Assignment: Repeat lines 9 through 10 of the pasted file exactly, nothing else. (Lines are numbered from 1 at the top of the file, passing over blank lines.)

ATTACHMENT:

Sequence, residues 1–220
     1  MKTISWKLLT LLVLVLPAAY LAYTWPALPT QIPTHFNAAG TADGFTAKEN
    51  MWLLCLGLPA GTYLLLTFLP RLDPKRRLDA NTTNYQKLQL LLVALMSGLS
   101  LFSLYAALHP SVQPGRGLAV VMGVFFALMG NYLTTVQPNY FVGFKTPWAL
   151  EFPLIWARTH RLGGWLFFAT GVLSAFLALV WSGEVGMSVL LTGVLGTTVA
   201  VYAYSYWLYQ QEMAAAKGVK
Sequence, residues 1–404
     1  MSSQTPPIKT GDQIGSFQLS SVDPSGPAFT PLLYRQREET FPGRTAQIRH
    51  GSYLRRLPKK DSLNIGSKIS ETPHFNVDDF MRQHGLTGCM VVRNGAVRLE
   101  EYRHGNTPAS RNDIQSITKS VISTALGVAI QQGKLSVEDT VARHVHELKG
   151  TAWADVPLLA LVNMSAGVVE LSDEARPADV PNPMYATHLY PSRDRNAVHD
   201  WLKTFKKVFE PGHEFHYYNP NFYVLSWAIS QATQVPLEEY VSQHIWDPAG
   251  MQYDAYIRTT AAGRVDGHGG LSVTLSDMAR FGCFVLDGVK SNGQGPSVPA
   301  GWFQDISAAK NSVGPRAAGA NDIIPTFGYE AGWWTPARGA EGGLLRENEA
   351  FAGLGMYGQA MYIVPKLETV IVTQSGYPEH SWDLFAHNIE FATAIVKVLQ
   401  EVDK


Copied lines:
    51  GSYLRRLPKK DSLNIGSKIS ETPHFNVDDF MRQHGLTGCM VVRNGAVRLE
   101  EYRHGNTPAS RNDIQSITKS VISTALGVAI QQGKLSVEDT VARHVHELKG